Honoring the Historical Significance of Juneteenth

Celebrate Juneteenth


Juneteenth National Independence Day is also called Emancipation Day, Jubilee Day, Freedom Day Black Independence Day and Juneteenth Independence Day.

Juneteenth recognizes June 19, 1865 as the date when U.S. Major General Gordon Granger arrived in Galveston, Texas, to inform enslaved African Americans of their freedom and the end of the Civil War.

Although President Abraham Lincoln signed the Emancipation Proclamation in 1863, many Confederate-controlled states did not enforce it until the Civil War ended in April 1865. 

As enslaved people learned of their freedom, they began to celebrate by wearing new clothes as a way of shedding their oppression. They also celebrated with prayer gatherings, parades, cookouts, historical and cultural readings, musical performances and dances. Many of these traditions continue in Juneteenth celebrations today.

In 1872, a group of African American ministers and businessmen purchased 10 acres of land in Houston, Texas, and created Emancipation Park. They intended to hold the city’s annual Juneteenth celebration there. It is the oldest park in the city of Houston.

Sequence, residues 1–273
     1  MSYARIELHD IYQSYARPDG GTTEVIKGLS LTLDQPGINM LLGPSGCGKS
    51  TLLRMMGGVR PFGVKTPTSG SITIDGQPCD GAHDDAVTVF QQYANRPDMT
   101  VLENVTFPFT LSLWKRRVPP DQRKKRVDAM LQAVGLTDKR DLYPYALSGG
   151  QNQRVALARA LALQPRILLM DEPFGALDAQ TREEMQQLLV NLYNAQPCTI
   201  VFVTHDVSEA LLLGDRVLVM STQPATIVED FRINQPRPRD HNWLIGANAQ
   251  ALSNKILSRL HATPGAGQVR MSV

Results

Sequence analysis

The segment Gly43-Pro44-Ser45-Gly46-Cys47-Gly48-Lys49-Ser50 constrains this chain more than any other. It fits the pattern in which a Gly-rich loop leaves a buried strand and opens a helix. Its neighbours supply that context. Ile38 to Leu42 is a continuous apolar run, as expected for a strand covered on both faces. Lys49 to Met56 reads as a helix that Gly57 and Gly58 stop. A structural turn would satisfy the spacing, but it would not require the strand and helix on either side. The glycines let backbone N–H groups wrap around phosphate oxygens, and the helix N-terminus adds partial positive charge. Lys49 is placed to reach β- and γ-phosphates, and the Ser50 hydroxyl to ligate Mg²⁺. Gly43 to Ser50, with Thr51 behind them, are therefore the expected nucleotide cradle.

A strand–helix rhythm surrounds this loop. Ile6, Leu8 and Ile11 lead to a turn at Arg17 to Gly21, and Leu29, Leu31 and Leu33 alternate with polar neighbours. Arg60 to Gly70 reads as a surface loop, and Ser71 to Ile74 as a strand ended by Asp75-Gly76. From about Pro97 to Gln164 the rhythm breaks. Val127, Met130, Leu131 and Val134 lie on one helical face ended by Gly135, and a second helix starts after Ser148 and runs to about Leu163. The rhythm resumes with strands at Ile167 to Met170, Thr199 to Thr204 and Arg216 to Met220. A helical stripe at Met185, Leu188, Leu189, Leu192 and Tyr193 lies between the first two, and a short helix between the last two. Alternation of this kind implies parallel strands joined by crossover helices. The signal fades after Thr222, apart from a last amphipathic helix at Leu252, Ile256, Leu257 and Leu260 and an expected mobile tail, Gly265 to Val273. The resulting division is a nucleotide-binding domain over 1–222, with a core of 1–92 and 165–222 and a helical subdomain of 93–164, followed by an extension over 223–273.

In 2021, the state of Texas and the Juneteenth Legacy Project (JLP) dedicated a 5,000 square-foot mural, entitled “Absolute Equality,” on the spot where General Granger told enslaved African Americans they were free. The mural also highlights the work of activist and educator, Opal Lee, who campaigned to make June 19 a national holiday. In 2016, at the age of 89, Ms. Lee walked from her home in Fort Worth to Washington, D.C. for the cause. 

From the JLP website: “She traveled two and a half miles each day to symbolize the two and a half years that black Texans waited between when Abraham Lincoln issued the Emancipation Proclamation, on Jan. 1, 1863, abolishing slavery, and the day that message arrived in Galveston, where black people were still enslaved, on June 19, 1865.” 

You can visit the National Archives Rediscovering Black History website to learn more about the history of Juneteenth and see original documents, photos and other materials.  

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